Can we simply Buy Life?

World AIDS Day, observed December 1st, is quickly approaching and with it celebrities and politicians attempts to raise awareness and funds are increasing. Most recent is Grammy award-winning singer/songwriter Alicia Keyes campaign — Buy Life.  She has enlisted the help of her celebrity friends in order to raise $1 million dollars for the cause. They have decided to take part in a “Digital Life Sacrifice,” in which fans will have to buy back their online presence on social networks such as Twitter by donating to Keyes’ HIV/AIDS charity, Keep a Child Alive.[i] These fundraising efforts are particularly important in this global economic climate where funds are diminishing. Despite a recent study conducted in Lesotho showing  that “earlier treatment reduced the mortality rate and hospitalization of HIV patients by more than 60 percent,” international donors have scaled back funding.[ii] The AIDS Healthcare Foundation, the largest global AIDS organization, is currently planning two simultaneous protests (one in Washington D.C., another in Los Angeles) against the Chinese Government over their poor  donations to the Global Fund to Fight AIDS, TB, and Malaria. Despite receiving $940M from the fund and having one of the world’s largest economies, it has only contributed $16M to the fund.[iii]

The role of the pharmaceutical company in fighting the spread, treatment, and cure of HIV/AIDS must be highlighted, as it can play a large hand in both the cause’s success or failure. These pharmaceutical companies’ main goal is to make a profit which doesn’t often coincide with the goals of governments and NGOs in eradicating HIV/AIDS. The R&D process for pharmaceutical companies can be very costly, with many proposed drugs never making it to market. Merck just announced that Isentress, an HIV drug, had failed to show that it was as effective once-a-day as its current twice-a-day schedule.[iv] This is not only bad news for efforts to treat HIV, as people will be more likely to keep up with treatment if it is just once a day, but also for Merck as they now face competition from once-a-day pills being developed by Gilead Sciences and GlaxoSmithKline. Even if these drugs do make it to market, pharmaceutical companies will try to make back their costs and then some, which can hurt low- and middle-income populations when they can’t afford the prices. In some cases, these companies have been known to overcharge the NGOs purchasing the medications. The AIDS Healthcare Foundation just filed a suit against Bristol-Meyers Squibb alleging just that.[v]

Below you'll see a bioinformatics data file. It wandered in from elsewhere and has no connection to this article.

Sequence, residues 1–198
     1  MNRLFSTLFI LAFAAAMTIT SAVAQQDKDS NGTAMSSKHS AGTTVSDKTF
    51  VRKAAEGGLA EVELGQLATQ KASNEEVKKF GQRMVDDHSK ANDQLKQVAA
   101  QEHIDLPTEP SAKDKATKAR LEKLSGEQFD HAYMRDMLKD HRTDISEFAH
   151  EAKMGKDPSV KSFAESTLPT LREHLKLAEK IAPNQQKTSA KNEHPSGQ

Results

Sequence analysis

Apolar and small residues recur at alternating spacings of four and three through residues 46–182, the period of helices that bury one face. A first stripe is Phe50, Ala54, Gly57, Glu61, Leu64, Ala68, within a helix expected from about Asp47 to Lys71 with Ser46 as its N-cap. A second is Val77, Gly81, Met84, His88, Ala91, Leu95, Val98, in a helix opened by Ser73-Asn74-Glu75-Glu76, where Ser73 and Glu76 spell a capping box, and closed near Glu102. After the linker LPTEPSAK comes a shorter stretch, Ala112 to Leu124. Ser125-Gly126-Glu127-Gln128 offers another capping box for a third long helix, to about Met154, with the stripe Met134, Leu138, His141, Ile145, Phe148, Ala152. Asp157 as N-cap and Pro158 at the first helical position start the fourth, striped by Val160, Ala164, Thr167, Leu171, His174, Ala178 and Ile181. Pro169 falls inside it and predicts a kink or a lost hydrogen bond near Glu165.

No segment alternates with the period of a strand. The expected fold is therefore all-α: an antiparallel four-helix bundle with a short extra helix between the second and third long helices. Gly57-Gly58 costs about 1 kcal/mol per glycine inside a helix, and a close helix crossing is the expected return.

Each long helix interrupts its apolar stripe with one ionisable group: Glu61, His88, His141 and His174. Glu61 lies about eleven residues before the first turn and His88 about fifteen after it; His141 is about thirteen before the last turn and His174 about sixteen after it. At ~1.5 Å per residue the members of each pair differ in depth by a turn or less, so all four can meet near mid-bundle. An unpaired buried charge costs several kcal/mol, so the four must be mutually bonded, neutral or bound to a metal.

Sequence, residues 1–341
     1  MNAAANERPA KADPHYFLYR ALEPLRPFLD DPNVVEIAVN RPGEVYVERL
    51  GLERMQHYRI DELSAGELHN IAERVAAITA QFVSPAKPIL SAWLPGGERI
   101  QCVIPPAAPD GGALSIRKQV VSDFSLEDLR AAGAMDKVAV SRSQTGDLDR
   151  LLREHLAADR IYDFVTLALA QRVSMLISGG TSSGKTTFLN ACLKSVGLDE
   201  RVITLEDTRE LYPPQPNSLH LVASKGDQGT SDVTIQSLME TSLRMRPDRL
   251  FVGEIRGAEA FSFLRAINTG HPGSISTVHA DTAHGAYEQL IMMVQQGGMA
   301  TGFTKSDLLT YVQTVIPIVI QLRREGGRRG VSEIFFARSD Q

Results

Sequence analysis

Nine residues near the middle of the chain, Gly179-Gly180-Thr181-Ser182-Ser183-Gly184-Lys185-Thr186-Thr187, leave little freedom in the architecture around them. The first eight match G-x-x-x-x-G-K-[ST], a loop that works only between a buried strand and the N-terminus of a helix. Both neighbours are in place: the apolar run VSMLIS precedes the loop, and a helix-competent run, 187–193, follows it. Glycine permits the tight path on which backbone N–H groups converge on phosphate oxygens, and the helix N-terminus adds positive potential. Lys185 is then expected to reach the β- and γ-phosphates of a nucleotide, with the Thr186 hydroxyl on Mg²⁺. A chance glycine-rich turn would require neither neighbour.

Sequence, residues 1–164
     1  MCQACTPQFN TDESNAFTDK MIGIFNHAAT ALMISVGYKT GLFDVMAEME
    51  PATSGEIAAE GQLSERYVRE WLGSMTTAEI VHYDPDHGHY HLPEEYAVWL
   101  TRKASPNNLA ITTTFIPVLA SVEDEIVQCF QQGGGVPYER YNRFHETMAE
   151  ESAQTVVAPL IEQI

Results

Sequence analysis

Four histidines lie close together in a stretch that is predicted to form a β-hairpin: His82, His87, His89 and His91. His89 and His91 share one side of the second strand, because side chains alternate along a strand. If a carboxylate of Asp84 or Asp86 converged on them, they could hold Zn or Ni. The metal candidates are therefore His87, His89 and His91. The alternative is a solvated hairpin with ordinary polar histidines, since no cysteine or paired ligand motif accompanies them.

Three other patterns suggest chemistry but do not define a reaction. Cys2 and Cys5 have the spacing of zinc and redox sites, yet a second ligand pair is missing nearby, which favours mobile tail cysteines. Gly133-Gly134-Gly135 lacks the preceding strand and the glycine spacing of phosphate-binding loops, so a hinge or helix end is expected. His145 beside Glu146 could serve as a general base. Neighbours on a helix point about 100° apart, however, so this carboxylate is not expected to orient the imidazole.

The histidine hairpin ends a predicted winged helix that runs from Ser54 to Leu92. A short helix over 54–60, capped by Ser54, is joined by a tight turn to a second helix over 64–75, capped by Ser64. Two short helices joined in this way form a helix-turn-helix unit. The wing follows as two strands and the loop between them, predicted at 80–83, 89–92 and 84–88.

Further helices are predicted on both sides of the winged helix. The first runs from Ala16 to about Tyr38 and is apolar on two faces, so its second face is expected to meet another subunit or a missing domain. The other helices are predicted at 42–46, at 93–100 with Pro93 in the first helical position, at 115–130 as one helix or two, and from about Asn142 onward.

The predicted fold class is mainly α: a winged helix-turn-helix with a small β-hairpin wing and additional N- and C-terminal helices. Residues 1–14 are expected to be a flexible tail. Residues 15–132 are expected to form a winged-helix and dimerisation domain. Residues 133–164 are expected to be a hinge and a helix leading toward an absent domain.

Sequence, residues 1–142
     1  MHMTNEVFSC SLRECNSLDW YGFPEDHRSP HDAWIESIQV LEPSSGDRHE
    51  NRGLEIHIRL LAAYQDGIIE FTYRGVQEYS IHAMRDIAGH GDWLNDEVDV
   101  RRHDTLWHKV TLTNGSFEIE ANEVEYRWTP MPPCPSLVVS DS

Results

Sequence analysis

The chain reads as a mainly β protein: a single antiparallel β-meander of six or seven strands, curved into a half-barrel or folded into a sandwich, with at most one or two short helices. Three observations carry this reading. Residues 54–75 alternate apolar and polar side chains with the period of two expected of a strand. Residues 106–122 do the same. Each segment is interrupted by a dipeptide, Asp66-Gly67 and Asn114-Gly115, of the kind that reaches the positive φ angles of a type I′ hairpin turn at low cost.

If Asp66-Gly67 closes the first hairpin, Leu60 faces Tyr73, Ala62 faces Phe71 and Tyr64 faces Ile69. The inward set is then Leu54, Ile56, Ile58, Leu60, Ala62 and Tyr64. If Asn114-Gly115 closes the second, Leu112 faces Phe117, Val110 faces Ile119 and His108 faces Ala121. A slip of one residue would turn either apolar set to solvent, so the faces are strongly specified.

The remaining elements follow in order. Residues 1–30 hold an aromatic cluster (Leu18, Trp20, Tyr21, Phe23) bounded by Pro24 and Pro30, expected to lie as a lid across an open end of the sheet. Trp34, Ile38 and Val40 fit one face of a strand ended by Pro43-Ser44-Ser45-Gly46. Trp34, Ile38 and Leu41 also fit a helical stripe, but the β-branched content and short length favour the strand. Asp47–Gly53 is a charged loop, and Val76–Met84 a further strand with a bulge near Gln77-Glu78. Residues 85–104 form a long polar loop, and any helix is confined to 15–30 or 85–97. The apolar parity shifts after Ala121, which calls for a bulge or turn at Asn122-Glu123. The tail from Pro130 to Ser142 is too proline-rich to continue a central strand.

While worry builds among NGOs on how to close the increasing funding gap, this is not the only issue that must be faced. Even if the gap were completely closed (and then some), there is no guarantee that these NGOs or governments will appropriately disburse these funds in the fight against HIV/AIDS. The Red Cross reports that China, Ukraine, Russia, Malaysia, and Vietnam are facing serious problems with intravenous drug use. This could be devastating to efforts to combat the spread of HIV/AIDS, since in countries such as Russia, Georgia, and Iran these “drug-injecting users account for more than 60 percent of HIV infections.”[vi] The Red Cross has deemed this a public health emergency, and stresses the importance of the role of government in providing health services targeting this subgroup in curtailing the spread of HIV.

While money is dire if we are to properly treat those already suffering from HIV/AIDS as well as prevent it from spreading further, it is not the only element of the cure. There are many other important roles to be played and obstacles to be tackled by governments as well as NGOs if HIV/AIDS is ever to be stopped.

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